Sources: A. Faynzilber, Af di khurves fun mayn heym, khurbn shedlets (At the destruction of my home, the Holocaust in Shedlets) (Tel Aviv, 1952); Yitsḥak Kaspi, in Sefer yizkor lekehilat shedlets (Remembrance volume for the community of Shedlets [Siedlce]) (Tel Aviv and Buenos Aires, 1956); information from Rabbi Shvartsman in Winnipeg.
Khayim Leyb Fuks

N. B. “Sholem Yelin” is known as a pseudonym for Yude-Arye Tsuker.  See the entry for the latter in this series.


MEYER YELIN (October 3, 1910-2000)

            He was a prose writer, brother of the writer and partisan leader Khayim Yelin, born in Srednik (Seredžius), Lithuania, into a family of teachers. With the expulsion of Lithuanian Jewry during WWI (1915), his family made its way to Voronezh, Russia, returning to Lithuania in 1921 at which time they settled in Kovno (then capital of the country). His father was head of the library of the association “Libhober fun visn” (Lovers of knowledge), which was a center of literary and cultural activities. Meyer and his younger brother, Khayim, helped their father in his library work and became promising, young Yiddish writers. In 1928 Meyer graduated with flying colors from the Kovno Hebrew high school, which awarded him the Edward M. Chase scholarship to study in Darmstadt, Germany at the senior technical school. He returned in 1933 with a diploma as a construction engineer and went on to complete his studies at Kovno University. He was a member of the central committee of the Zionist Socialists in Lithuania. With the German invasion of Lithuania, he and his family tried to escape from Lithuania, but they were caught and imprisoned in late July 1941 in the Kovno ghetto. During the German occupation, he was active with his brother in the Jewish partisan movement. In 1944 he escaped from the ghetto and survived the war in hiding. His brother fell in April 1944 while organizing a major camp of ghetto fighters in the partisan forests. After the war he returned to Kovno and cofounded the first postwar Jewish school and children’s home in Kovno for children survivors.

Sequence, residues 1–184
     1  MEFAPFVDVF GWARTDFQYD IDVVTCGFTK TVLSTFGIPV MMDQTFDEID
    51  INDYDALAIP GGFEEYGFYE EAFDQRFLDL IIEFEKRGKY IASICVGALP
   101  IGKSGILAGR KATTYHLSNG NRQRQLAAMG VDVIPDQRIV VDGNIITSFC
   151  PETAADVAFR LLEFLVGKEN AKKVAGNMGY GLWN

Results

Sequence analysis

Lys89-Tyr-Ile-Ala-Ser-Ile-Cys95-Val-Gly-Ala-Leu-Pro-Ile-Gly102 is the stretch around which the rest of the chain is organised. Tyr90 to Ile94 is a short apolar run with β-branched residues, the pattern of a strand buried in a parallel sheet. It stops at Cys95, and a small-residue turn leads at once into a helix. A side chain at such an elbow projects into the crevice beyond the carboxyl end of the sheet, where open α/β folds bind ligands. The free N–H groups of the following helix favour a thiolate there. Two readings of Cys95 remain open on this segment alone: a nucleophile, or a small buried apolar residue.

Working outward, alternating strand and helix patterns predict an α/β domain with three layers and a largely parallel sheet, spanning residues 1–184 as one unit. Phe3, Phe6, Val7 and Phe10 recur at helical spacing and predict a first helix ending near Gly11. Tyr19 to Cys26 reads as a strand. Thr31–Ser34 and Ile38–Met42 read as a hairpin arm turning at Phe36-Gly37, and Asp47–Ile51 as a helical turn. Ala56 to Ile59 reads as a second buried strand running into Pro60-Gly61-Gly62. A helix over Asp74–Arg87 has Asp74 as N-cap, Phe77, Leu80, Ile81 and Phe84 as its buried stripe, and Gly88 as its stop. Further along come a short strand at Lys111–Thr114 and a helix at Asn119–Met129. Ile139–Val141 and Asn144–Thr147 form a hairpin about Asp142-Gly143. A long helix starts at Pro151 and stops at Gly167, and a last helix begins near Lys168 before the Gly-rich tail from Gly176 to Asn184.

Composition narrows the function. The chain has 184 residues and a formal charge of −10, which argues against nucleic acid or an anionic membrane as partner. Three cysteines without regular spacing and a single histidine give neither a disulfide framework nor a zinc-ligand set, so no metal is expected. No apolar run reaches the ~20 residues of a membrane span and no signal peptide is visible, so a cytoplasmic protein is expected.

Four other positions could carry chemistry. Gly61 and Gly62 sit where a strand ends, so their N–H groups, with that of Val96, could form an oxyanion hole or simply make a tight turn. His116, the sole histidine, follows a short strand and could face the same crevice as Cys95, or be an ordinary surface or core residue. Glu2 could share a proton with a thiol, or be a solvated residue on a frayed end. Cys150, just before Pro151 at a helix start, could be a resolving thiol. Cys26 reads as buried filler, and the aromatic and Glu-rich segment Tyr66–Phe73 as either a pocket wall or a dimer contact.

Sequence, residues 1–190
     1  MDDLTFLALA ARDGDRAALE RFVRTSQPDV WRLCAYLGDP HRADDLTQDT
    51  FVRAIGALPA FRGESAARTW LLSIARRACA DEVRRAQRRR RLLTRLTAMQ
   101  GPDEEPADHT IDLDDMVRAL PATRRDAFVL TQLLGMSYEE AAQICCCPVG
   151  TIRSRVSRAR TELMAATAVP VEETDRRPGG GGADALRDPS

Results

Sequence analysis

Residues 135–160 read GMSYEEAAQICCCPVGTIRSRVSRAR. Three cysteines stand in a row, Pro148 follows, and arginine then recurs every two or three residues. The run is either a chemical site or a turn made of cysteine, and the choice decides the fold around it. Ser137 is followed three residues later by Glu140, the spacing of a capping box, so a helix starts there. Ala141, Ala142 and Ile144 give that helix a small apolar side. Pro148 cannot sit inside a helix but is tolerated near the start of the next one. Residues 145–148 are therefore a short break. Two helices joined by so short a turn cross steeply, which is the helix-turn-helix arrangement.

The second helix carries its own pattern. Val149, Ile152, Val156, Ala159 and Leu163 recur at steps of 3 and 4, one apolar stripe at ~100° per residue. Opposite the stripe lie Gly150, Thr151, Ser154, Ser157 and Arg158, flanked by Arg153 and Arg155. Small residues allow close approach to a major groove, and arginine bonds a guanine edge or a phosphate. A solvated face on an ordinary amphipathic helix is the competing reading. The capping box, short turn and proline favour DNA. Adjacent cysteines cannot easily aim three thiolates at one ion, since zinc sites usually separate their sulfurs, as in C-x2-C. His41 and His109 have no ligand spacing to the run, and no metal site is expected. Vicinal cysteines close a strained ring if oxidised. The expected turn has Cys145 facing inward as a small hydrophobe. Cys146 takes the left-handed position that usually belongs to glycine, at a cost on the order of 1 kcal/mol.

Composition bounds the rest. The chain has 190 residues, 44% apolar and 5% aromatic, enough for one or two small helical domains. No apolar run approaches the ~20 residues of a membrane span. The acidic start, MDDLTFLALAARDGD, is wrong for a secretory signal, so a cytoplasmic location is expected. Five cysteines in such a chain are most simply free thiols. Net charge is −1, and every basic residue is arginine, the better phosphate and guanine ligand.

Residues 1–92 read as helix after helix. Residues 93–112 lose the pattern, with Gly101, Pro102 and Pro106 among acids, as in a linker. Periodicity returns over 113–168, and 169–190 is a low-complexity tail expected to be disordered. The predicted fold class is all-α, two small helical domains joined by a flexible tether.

He began writing poems and stories in Yiddish when quite young, debuting in print with a story in Di idishe shtime (The Jewish voice) in Kovno in 1928, and from that point he published stories, reportage pieces, poems, and articles in the newspaper Dos vort (The word) and the weekly Di tsayt (The times) of which he was a member of the editorial board. His work also appeared in: Shlyakhn (Unpaved roads) (Kovno: Sh. Yoselevitsh, 1932), Toyern (Gates) (Kovno: Yoselevitsh, 1937), Bleter (Leaves) (1938), and Naye bleter (New leaves) (1940), among other serials in Kovno; Der emes (The truth) and Eynikeyt (Unity) in Moscow; and elsewhere. In the ghetto, he wrote stories recounting his experiences and observations. Only a portion of these manuscripts has survived. After the war, he returned almost exclusively to literary work, in which the theme of martyrdom and heroism of the Jews under Hitler’s occupation dominated. In 1948 he brought out his documentary volume Partizaner in kaunaser geto (Partisans in the Kaunas [Kovno] ghetto), which he wrote with the leading figure of the anti-fascist fighting organization, D. Gerpern. Yelin’s longer collection of stories on the topic of the ghetto, Zeyere blikn hobn zikh bagegnt (Their glances met one another), appeared in Moscow in 1972, as well as in Vilna in Lithuanian. He also brought out six volumes of prose of the topic of the Holocaust. In October 1973 he made aliya to Israel. In 1977 the committee for Yiddish and Yiddish culture in Israel awarded Yelin’s book Der prayz fun yenem broyt, dertseylungen (The price of that bread, stories) the Zecharia-Ganapolsky Prize in Paris. The following year, 1978, he published his collection of short stories and sketches, Blut un vofn (Blood and weapons). The longer novella, Di mirazhn funem amok-loyfer oskar grik (The mirages of Oskar Grik who ran amok), was published in 1981 and was awarded a prize from the world center of the Yiddish PEN club in New York. He also received prizes for his subsequent works: Borves iber shney (Barefoot over the snow) of 1984, Fayerrisn inem khoyshekh, dertseylungen (Burning in the darkness, stories) of 1988, and Bay di gliendike koyln (Near the glowing coals) of 1994. All of his books shared the same theme: Jewish martyrdom and heroism during the bloody rule of the swastika. Meyer Yelin was honored for his writings with numerous other distinctions and awards, among the Dovid Hofshteyn Proze, the Itsik Manger Prize, and the Dultsin Prize.